Britain's Queen Elizabeth, 95, spent a night in hospital for the first time in years for what Buckingham Palace termed "preliminary investigations", but was in good spirits and back at work at Windsor Castle.
The world's oldest and longest-reigning monarch cancelled an official trip to Northern Ireland on Wednesday. The palace said the queen had been told to rest by her medical staff, and that her ailment was not related to Covid-19.
"Following medical advice to rest for a few days, the queen attended hospital on Wednesday afternoon for some preliminary investigations, returning to Windsor Castle at lunchtime today, and remains in good spirits," the palace said late on Thursday.
The Palace gave no details on what had prompted the medical attention.
A royal source said the queen had stayed at the King Edward VII hospital in central London for practical reasons and that her medical team had taken a cautious approach.
Elizabeth, who is queen of 15 other realms including Australia, Canada and New Zealand, returned to her desk for work on Thursday afternoon and was undertaking some light duties, the source said.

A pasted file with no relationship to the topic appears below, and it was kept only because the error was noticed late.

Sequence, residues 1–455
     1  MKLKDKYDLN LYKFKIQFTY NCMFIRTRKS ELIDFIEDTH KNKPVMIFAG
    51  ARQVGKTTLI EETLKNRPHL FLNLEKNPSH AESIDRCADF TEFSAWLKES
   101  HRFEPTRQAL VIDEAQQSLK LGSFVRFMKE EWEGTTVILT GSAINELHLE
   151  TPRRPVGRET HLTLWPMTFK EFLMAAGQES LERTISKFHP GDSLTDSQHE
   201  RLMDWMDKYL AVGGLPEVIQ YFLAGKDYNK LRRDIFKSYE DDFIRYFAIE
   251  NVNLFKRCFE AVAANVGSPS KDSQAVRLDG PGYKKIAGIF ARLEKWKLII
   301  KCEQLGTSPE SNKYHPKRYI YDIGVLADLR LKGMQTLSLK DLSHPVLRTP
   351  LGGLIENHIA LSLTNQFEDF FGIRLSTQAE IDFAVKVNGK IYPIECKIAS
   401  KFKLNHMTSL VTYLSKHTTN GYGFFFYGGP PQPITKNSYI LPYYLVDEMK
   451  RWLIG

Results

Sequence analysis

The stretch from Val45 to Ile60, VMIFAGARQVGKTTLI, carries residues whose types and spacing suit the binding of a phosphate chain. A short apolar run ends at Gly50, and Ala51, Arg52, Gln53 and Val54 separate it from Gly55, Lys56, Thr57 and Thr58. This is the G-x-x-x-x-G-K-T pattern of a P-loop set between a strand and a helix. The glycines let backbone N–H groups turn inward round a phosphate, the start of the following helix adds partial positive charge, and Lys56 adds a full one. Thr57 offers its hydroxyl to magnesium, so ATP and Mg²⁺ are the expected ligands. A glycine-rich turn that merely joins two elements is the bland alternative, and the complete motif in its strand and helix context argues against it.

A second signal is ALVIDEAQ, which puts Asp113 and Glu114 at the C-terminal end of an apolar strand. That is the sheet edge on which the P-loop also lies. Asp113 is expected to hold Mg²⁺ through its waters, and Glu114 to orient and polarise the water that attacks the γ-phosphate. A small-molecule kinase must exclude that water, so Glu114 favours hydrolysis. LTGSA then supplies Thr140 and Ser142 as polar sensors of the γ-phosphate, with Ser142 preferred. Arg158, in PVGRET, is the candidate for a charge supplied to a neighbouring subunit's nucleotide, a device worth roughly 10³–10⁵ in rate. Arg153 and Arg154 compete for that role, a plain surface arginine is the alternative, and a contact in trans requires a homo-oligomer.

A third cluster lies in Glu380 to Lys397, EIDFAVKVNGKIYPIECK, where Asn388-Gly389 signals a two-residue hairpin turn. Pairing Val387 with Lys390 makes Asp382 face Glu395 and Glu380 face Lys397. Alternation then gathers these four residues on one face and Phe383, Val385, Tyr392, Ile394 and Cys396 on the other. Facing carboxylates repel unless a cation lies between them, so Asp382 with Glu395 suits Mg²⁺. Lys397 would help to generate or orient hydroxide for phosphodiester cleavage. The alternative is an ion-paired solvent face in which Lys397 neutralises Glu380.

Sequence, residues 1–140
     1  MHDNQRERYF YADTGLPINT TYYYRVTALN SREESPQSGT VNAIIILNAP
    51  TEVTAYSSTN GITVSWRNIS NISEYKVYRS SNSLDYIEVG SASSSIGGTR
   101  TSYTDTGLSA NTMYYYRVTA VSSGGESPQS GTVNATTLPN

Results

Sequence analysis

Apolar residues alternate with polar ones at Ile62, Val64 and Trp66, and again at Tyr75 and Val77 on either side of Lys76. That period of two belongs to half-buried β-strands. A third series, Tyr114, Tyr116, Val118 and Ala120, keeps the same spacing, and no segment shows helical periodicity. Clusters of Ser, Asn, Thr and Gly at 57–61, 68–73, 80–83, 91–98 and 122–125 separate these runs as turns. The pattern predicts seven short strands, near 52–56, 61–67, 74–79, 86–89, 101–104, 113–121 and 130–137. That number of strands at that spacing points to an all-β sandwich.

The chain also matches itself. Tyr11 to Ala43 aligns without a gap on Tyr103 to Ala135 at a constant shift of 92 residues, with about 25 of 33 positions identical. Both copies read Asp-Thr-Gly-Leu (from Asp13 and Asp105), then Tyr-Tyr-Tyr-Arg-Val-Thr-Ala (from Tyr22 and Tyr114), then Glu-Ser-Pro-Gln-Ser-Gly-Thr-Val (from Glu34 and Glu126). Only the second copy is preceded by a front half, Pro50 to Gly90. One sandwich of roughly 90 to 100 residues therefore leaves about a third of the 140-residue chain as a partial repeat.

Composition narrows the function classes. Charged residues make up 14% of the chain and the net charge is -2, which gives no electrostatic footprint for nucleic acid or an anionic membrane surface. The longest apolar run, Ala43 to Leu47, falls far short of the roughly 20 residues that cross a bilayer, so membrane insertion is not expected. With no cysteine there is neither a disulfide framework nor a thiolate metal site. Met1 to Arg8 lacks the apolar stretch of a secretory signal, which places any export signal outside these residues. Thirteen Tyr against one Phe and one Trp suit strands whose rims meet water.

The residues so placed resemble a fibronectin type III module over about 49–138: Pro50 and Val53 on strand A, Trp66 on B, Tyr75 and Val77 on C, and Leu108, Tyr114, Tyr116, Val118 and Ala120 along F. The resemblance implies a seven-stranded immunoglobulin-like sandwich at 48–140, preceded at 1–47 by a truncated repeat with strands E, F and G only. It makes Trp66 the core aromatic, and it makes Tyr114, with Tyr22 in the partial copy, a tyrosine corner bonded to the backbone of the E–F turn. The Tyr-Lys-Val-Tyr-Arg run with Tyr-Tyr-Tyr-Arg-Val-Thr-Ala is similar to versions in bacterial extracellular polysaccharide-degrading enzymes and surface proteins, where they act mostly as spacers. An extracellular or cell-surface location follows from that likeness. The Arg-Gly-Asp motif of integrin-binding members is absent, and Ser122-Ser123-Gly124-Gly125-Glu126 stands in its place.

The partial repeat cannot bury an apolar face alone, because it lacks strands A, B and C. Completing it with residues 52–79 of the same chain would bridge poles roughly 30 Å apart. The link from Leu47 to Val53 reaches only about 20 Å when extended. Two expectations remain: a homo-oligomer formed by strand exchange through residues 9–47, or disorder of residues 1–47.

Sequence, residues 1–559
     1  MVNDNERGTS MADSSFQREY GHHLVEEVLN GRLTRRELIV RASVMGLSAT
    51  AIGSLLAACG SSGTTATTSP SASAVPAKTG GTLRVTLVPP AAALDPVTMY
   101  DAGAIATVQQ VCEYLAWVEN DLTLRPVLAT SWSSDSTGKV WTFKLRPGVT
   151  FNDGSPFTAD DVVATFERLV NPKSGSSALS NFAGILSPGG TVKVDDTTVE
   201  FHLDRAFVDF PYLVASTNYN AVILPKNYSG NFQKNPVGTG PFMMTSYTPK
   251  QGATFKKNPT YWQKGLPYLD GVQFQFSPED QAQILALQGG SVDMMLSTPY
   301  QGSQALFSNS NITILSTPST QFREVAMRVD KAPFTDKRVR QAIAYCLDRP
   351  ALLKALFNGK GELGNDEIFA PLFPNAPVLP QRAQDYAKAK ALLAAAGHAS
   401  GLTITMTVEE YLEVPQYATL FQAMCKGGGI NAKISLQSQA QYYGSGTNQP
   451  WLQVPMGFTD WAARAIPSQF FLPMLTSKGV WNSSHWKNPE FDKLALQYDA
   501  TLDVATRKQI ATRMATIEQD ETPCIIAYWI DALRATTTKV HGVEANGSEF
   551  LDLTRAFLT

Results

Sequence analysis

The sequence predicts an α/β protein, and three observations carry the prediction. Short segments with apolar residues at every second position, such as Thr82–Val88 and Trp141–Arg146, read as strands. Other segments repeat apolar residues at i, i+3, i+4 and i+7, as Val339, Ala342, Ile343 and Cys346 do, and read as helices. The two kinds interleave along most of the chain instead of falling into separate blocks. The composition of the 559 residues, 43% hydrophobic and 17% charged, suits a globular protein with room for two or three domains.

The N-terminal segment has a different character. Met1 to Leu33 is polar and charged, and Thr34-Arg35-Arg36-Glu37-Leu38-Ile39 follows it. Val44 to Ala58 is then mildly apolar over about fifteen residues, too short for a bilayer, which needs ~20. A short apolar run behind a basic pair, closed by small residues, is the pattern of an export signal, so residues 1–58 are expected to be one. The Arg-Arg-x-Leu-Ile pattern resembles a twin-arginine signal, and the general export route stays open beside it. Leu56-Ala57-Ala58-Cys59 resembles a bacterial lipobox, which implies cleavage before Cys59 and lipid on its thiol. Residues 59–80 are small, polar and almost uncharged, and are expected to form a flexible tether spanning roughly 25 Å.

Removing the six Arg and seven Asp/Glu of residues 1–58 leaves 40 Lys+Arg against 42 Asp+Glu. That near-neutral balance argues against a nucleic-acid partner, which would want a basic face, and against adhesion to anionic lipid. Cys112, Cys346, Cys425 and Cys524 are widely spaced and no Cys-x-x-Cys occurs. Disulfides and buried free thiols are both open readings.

Gillian Keegan, a junior health minister, said it was concerning to hear that the queen had stayed a night in hospital but that she appeared to be on the mend.
"She's just so fantastic and I hope that she's feeling better today," Keegan said.
Elizabeth, who acceded to the throne as Britain was shedding its imperial power, has symbolised stability for generations of British people, building the popularity of the monarchy despite seismic political, social and cultural changes that threatened to make it an anachronism.
A quiet and uncomplaining dedication to duty, even in old age, has earned her widespread respect in Britain and abroad, even from republicans who are eager for the monarchy to be abolished.
LEAVE A COMMENT Your email address will not be published. Required fields are marked*
Sealand: the 'micronation' defying the UK and Covid
French right picks Pecresse to challenge Macron
UK tightens Covid testing for inbound travellers
Pfizer, Moderna mRNA jabs ‘give best booster effect’
Pope slams ‘slavery’, ‘torture’ in migrant camps
WHO says no Omicron deaths yet as variant spreads globally
Pope urges European unity amid migrant influx
EU drug watchdog chief: could approve Covid-19 shot against new variant in 3-4 months
WHO flags global risk from Omicron, countries tighten curbs